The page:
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What Is DNS Security? How Does DNS Security Work?

Domain names are the entry point to online experiences, enabling effortless exploration of the digital realm. The Domain Name System (DNS) plays a crucial role by translating domain names (like www.gcore.com) into numerical IP addresses (like 92.223.84.84) for devices to connect with online destinations. However, cybercriminals can exploit DNS vulnerabilities. To fortify their online presence, organizations must implement robust DNS security measures. This article explores the significance of DNS security, how it works, and best practices that can help create a safer digital landscape.

What Is DNS Security?

DNS security refers to actions involved in protecting the Domain Name System infrastructure from cyberattacks, ensuring its reliable and efficient operation. One common attack is distributed denial-of-service (DDoS), where DNS servers are overwhelmed with excessive traffic, making it hard for legitimate users to access websites. Another vulnerability lies in the way DNS handles requests and responses. Attackers can manipulate source addresses and amplify their attacks, leading to a denial-of-service situation. DNS can also be abused through techniques like DNS hijacking, which means that users are tricked into connecting to malicious domains, or DNS tunneling, whereby cybercriminals use DNS requests to transmit data and evade detection.

To defend against these threats, organizations should adopt strong DNS security measures. This ensures the reliability, integrity, and confidentiality of their DNS infrastructure, protecting their online operations. Defensive measures employed to protect against potential threats include implementing redundant DNS servers and malicious traffic filtering, extending network capacity and leveraging anycast networking and geo distribution, employing security protocols like DNSSEC (Domain Name System Security Extensions,) and maintaining comprehensive DNS logging.

Why Is DNS Security Important?

The significance of DNS security cannot be overstated, considering the foundational role DNS plays in the functioning of the internet. Real-world incidents have demonstrated the exploitation of DNS vulnerabilities. For instance, some studies indicate that cybercriminals have used DNS attacks to steal sensitive data, resulting in substantial financial losses averaging $942,000 per attack. Application downtime affects 70% of organizations targeted in DNS attacks, highlighting their disruptive and financially damaging nature. Surprisingly, 43% of organizations still lack dedicated DNS security solutions, leaving them exposed to potential breaches.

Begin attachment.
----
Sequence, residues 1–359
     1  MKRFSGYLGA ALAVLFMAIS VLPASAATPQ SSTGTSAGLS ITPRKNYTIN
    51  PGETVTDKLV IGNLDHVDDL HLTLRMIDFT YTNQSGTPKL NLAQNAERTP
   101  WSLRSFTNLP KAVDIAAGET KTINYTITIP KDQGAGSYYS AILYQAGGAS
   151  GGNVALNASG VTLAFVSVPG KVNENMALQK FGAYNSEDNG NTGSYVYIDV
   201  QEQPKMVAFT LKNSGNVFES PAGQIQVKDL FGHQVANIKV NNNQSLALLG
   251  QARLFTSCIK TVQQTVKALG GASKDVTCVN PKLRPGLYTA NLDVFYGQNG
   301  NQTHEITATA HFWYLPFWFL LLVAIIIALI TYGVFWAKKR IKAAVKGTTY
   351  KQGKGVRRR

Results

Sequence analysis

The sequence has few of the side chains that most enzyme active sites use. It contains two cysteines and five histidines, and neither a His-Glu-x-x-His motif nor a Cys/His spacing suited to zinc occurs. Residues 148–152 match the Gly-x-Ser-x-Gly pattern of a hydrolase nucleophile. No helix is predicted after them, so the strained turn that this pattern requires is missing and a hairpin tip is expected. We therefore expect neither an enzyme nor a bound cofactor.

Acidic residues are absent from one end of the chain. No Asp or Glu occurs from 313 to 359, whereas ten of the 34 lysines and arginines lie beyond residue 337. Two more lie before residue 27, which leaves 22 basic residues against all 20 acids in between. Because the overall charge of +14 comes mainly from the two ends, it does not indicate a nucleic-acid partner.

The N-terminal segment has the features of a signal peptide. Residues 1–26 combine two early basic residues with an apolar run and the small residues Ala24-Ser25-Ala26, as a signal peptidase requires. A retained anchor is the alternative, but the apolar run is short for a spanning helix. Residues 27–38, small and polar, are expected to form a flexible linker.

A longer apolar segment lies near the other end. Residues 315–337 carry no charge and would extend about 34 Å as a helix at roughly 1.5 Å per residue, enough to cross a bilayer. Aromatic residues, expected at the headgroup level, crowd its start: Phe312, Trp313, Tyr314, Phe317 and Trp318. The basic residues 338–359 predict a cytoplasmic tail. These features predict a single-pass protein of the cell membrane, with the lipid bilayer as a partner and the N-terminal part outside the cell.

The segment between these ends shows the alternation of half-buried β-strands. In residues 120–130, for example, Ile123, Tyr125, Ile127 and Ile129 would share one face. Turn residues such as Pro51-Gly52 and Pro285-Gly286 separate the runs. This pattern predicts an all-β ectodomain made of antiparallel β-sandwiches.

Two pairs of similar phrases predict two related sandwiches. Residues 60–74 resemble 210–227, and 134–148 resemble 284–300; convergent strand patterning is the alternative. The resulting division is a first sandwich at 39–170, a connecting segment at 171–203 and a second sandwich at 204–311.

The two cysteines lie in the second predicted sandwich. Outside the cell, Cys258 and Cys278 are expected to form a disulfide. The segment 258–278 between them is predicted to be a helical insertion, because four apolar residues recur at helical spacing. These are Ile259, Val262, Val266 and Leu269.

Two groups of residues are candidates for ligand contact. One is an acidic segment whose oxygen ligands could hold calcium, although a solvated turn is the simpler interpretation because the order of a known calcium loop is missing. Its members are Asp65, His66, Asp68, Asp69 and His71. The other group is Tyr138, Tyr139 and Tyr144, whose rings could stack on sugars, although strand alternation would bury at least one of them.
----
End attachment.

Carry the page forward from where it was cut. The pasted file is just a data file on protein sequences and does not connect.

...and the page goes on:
Common Types of DNS Attacks

A flow chart detailing DNS hijacking

Understanding attack methods is crucial in implementing effective countermeasures to protect against such threats. Here are some common DNS attack methods:

  • DNS spoofing: Attackers manipulate a DNS resolver’s cache, leading to misleading IP address responses and redirecting users to malicious replicas of legitimate websites used for malware distribution or credential harvesting.
  • DNS tunneling: Attackers bypass firewalls by embedding malicious data within DNS queries and responses, using protocols like SSH, TCP, or HTTP to covertly transmit malware or stolen information.
  • DNS hijacking: This involves attackers redirecting queries to unauthorized domain name servers using malware or unauthorized modifications, effectively altering the DNS record of a website and redirecting users to malicious destinations.
  • Domain lock-up attack: Attackers establish TCP connections between specific domains and legitimate resolvers, flooding the resolver’s resources by sending slow streams of random packets, resulting in service degradation.
  • NXDOMAIN attack: Attackers overload a DNS server with a barrage of requests for non-existent records, overwhelming its capacity and causing legitimate traffic to be denied access. Conversely, in a phantom domain attack, attackers establish unresponsive domain servers that flood the resolver with requests, impairing performance and leading to service disruption.
  • Botnet-based CPE attack: By compromising Customer Premise Equipment (CPE) devices like modems and routers, attackers transform them into a botnet and unleash random subdomain attacks against specific sites or domains, causing disturbances and obstructing normal service operations.

Benefits of Implementing Robust DNS Security

An infographic depicting the benefits of DNS security

DNS protection offers numerous security and performance benefits for both commercial and home networks. Implementing DNS protection strengthens security, enhances network performance, reduces the risk of malware infections, and protects against phishing attempts. It provides a holistic approach to network protection, benefiting both organizations and individuals by maintaining a secure online environment, which is extremely important, especially considering hybrid and remote work models.

Here are some less obvious advantages of implementing a secure DNS solution:

  1. Content filtering: Implementing secure DNS allows for content filtering without requiring additional software installations. It effectively blocks access to adult sites and unwanted content, reducing the risk of users inadvertently visiting malicious websites and consequently falling victim to cyberattacks.